Basketball player Shaquille O'Neal likes to wear a lot of hats. Actor, musician, sheriff, Twitter star and now art curator? O'Neal is curating a gallery show for New York's Flag Art Foundation titled "Size DOES Matter." The exhibit ponders the question of idea of scale in contemporary art and features some big names in the art world including Chuck Close, Jeff Koons, Andreas Gursky, Kehinde Wiley and many more. The show is scheduled to open in February at the Flag Art Foundation's exhibition space in the Chelsea neighborhood.
O'Neal told Bloomberg News that his turn as curator was "a little harder than I thought it would be." The exhibition will feature 52 artworks, five are special commissions, many others are loans from private collections and museums. The choice of Shaquille O'Neal as curator should attract additional attention for the show. Writer James Frey, famous and also infamous for his bestselling book "A Million Little Pieces" is writing an essay for the exhibition catalog.
Ten artists found a way to make vacant commercial space incredibly exciting. I wandered by 25 Central Park West on a walk in my neighborhood a few days ago and saw artists inside. They were hard at work cleaning, preparing and hanging their pieces. Tapping on the window was one of my smartest moves this week. By doing so, I learned of a new exhibition, which opened Wednesday night. The show, 10 from 25: Emerging Artists using Photography, is set to run through December 13, 2009. It includes flat art and video, bringing to life an empty space in a part of Manhattan generally forgotten by the art community.
The artists, including Bess Greenberg, who gave me a tour of the space as she and the other artists prepared for opening night, have created an integrated show that doesn't sacrifice the message of each of the participants. So, in addition to a group exhibition, visitors are treated to 10 individual efforts, in which one can appreciate a specific style without having to cope with the intrusion of other pieces on his experience.
A medieval castle is going to become a 'House of Bling' in a new contemporary art exhibit. An exhibition at Tattershall Castle, a 15th Century Medieval castle in Lincolnshire, England is part of a new relationship between the Arts Council England and the National Trust aimed at promoting contemporary art in historic properties. The name 'House of Bling' does honor to the fact that the castle was built between 1434 - 46 by Ralph Cromwell, Lord Treasurer to Henry VI as a visible symbol of his wealth, a form of real estate bling.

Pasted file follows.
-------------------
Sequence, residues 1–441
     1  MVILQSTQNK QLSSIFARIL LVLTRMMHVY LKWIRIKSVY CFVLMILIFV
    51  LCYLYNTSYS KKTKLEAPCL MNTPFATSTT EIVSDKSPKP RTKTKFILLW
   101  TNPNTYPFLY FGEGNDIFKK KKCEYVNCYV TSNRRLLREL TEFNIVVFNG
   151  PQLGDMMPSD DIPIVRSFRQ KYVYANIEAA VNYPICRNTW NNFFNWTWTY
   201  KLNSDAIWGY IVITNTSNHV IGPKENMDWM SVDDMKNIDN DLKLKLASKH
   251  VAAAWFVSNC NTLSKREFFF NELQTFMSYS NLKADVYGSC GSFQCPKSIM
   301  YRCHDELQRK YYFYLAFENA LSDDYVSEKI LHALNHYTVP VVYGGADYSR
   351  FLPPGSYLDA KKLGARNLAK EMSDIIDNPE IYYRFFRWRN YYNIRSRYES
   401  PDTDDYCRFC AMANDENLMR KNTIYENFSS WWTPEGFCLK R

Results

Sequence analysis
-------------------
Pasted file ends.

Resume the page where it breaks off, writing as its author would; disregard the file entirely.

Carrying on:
Artists Sarah Price, Geraldine Pilgrim, Catherine Bertola, Linda Florence, and KMA (Kit Monkman and Tom Wexler) will create new art works inspired by the building and each artist will work in a specific area of the monument and grounds including a large scale work cut into the lawn in front of Tattershall's castle done by Linda Florence. Catherine Bertola's offering will be a site-specific work that uses images of weaving and spinning from folk fairy tales and will result in golden cobwebs hung in the castle. Geraldine Pilgrim will create a work that will use packing cases and crates to explore imagery associated with towers and keeps. The work from KMA will be inspired by the castle cellars and will take the form of a film and audio narrative that combines fact and fiction. Sarah Price will create a secret wild garden on the castle grounds to invoke the time when the castle was abandoned and overgrown. The exhibition will take place at Tattershall Castle from August 8 – 23.
It's International Asia Week in New York City from March 12 to March 18 and Berry-Hill Galleries is holding an exhibition of Traditional and Modern Masters. The exhibit spans the Heian to the Meiji Periods (12th to early 20th centuries), showcasing Buddhist sculptures, ceramics, lacquer objects, folding screens, and hanging scrolls by leading masters.
A presentation of works by modern lacquer artist Shigenobu Mochizuki also accompanies the exhibition. He creates hollow-dry lacquer objects (urushi) through a painstaking process that involves building up layers of lacquer over a plaster mold and then removing this core, and treating the surface with vermillion and black lacquer. This process can take up to 6 months to complete for a single work.
Shown above is on the left is a seated figure of Buddhist divinity, Dainichi Nyorai, executed in wood with polychrome pigments and dating to the 14th century. On the right is a standing Amida Nyorai from the late Heian period dated to the 12th century. The exhibition will be open Thursday, March 12 –Wednesday, March 18, 10:00 am-6:00 pm, Saturday, 12 noon-8 pm, Sunday, 12 noon-6:00 pm. Inaugural Open House, March 14th, 12 noon –8:00 pm. Berry-Hill Galleries are located at 11 East 70th Street, New York, NY, 10021.